A cover letter is a formal business letter, which means it has a specific format and shouldn't include slang or abbreviations the way an e-mail to a friend might. This doesn't mean, though, that it can't be conversational. I've seen too many people fall into the trap of using what I call "cover letter speak": overly flowery language that obscures what you're trying to say and makes your cover letter a chore to read.
One clue that you've fallen into this trap is an abundance of $10 words like "implementation" and "strategize." Words that you rarely use in everyday conversation are unlikely to be the clearest way to communicate your ideas.
As a hiring manager, this kind of writing is frustrating to read because, in the best case scenario, this is an excellent candidate who is hiding the great things they've done in a soup of language, and in the worst case scenario, this candidate hasn't done much of anything and is trying to dress up their non-accomplishments with big words.
It's possibly to write conversationally without being too informal. This is the balance you want to strike in a cover letter. Remember that you are working to impress the hiring manager through your great fit for the position, not for your ability to write in overly complex business language.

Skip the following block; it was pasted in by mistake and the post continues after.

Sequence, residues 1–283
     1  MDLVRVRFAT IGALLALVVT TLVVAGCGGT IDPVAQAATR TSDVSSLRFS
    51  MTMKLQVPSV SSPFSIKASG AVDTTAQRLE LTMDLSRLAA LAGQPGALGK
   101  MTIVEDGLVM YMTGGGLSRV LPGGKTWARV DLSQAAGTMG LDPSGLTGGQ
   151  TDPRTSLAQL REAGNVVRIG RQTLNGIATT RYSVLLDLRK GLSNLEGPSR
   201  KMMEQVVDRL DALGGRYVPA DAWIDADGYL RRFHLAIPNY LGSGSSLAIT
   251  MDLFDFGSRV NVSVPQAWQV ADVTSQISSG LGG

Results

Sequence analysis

If the hiring manager calls over a colleague to say, "Listen to this," while reading your cover letter, it's not going to be because of your vocabulary and sentence structure. It's going to be because they were struck by your enthusiasm or your story about a past accomplishment.
In addition to having someone proofread your materials, consider reading your cover letter out loud to someone. If you find yourself tripping over words, or your friend has to say, "Could you read that again?", you may have gotten caught up in cover letter speak.